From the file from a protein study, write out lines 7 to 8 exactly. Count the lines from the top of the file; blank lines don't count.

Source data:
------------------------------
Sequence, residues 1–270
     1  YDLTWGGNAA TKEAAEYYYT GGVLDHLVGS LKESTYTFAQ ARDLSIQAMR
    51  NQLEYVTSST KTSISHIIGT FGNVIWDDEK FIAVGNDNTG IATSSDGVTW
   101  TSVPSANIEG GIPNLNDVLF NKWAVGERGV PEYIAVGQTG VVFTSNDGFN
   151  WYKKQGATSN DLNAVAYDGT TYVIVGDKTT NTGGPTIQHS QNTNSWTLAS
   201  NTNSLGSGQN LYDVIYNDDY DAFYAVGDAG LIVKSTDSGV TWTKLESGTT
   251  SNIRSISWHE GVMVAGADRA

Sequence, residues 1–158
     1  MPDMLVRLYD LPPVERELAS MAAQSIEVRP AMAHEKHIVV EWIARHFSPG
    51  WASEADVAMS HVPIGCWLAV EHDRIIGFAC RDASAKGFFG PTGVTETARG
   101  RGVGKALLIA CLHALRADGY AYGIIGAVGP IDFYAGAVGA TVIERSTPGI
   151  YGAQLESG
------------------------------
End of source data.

   251  SNIRSISWHE GVMVAGADRA

Sequence, residues 1–158